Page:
21 September 2022

All Your Passwords Are Belong to Us

Someday companies will take security seriously... No, actually I don't expect either of these two companies to EVER take security seriously. Google, Microsoft can get your passwords via web browser's spellcheck

Google, like so many tech companies is built on spying on people. And I'm convinced that Microsoft doesn't believe there is anything they shouldn't know about people using Windows.

Extended spellcheck features in Google Chrome and Microsoft Edge web browsers transmit form data, including personally identifiable information (PII) and in some cases, passwords, to Google and Microsoft respectively.

While this may be a known and intended feature of these web browsers, it does raise concerns about what happens to the data after transmission and how safe the practice might be, particularly when it comes to password fields.

While I get that you want to spellcheck forms, does the language change so much, that a downloaded static dictionary is not good enough?

When using major web browsers like Chrome and Edge, your form data is transmitted to Google and Microsoft, respectively, should enhanced spellcheck features be enabled.

Depending on the website you visit, the form data may itself include PII—including but not limited to Social Security Numbers (SSNs)/Social Insurance Numbers (SINs), name, address, email, date of birth (DOB), contact information, bank and payment information, and so on.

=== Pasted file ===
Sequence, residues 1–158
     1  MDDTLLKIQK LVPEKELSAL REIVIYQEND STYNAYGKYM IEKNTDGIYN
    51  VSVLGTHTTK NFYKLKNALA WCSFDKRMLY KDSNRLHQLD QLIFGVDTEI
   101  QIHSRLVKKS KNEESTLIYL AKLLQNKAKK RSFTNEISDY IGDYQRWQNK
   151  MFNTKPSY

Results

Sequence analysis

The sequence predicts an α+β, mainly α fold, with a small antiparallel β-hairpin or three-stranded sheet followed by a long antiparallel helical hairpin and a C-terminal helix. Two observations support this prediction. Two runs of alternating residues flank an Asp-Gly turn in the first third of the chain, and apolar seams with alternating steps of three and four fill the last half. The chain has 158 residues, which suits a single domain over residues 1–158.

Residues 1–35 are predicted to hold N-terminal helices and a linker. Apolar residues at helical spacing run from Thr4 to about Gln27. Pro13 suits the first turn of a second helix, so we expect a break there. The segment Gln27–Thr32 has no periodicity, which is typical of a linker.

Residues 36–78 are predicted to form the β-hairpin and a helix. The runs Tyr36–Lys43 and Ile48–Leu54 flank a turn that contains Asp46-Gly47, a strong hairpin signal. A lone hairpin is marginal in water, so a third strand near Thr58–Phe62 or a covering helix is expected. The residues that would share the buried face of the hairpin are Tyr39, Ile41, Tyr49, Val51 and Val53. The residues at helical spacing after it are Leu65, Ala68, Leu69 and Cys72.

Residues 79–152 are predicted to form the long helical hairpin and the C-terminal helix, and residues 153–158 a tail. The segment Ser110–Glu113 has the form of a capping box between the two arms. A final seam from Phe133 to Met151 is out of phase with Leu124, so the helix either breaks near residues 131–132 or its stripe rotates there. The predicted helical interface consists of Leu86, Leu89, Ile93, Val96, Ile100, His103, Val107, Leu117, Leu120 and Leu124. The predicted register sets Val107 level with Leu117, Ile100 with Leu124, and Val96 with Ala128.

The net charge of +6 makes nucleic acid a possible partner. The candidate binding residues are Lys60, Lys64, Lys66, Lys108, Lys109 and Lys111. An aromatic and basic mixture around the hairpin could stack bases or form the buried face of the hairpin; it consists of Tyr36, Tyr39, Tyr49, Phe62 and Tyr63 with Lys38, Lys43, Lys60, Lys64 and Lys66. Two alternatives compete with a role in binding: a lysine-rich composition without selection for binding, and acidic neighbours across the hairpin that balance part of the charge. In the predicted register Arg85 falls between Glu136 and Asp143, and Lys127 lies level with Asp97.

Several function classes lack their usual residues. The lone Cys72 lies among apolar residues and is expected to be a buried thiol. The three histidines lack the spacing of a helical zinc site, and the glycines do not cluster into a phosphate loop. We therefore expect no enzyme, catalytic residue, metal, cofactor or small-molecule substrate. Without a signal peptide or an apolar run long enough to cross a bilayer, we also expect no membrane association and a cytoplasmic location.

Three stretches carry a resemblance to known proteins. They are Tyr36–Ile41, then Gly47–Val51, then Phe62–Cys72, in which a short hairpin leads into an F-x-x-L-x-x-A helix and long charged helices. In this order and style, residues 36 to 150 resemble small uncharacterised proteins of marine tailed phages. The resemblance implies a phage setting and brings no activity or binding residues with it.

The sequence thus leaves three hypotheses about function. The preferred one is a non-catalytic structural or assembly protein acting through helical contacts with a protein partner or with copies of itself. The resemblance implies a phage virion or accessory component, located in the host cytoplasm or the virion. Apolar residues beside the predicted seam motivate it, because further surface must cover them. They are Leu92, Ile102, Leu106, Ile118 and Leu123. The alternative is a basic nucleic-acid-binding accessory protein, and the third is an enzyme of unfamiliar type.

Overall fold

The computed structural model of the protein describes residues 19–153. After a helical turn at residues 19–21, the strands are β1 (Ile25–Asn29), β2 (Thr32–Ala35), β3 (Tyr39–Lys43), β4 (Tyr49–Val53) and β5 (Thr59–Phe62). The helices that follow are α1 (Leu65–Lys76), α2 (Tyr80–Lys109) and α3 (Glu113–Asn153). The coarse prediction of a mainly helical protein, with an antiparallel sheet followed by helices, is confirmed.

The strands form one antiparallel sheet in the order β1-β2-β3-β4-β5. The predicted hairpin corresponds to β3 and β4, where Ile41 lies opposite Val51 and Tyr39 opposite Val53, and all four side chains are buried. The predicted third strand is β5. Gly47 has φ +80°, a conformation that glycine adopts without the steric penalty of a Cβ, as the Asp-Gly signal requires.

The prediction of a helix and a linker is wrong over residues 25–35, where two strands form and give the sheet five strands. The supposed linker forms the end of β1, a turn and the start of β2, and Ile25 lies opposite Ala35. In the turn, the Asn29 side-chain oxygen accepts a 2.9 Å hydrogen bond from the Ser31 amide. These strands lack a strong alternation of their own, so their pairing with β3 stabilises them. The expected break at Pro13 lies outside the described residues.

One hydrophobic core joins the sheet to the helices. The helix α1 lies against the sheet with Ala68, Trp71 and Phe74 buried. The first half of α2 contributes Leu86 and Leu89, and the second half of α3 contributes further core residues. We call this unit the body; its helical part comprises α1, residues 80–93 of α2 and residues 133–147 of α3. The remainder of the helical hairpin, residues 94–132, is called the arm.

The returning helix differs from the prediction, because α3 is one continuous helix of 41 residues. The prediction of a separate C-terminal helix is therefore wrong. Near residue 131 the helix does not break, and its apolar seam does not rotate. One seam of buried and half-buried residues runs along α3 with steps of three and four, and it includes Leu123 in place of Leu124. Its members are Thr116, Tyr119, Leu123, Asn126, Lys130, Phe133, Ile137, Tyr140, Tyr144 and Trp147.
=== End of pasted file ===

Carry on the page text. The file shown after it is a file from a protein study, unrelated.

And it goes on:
In cases where Chrome Enhanced Spellcheck or Edge's Microsoft Editor (spellchecker) were enabled, "basically anything" entered in form fields of these browsers was transmitted to Google and Microsoft.

Because of course it is.

Users can mitigate this risk by turning off Chrome's enhanced spellcheck via the settings. In Edge, you actually need to install a browser add-on to make this behavior manifest. (So, don't install it.)

Web developers can explicitly stop sending some data to spellcheckers - like User ID and Password - by including that attribute 'spellcheck=false' to all input fields where spellchecking doesn't make sense. Like Social Security Number or Password.

But of course that would A) require that the developers know about the attribute, and B) care enough to use it. And I'm tempted to add "C" not be in league with Google or Microsoft.

Ironically enough, we observed Twitter's login form, which comes with the "show password" option, has the password field's "spellcheck" HTML attribute explicitly set to true:

Which makes absolutely NO sense. But then Twitter. If you are using a password that is a dictionary word of any kind, well, you deserve whatever you get.

As I said, someday companies will take security seriously, but it is not this day.

And yes, I am aware of Diceware, and creating long passwords via stochastic methods. (See the xkcd comic below) I even used that method for a while, but I find it easier to manage a Password Manager. If you use Diceware, or something similar, you should use more than 4 words. Diceware is currently defaulting to 6. I would probably use 7. (Note that it isn't 4 or 7 words you come up with. That would not be random.)

xkcd password strength

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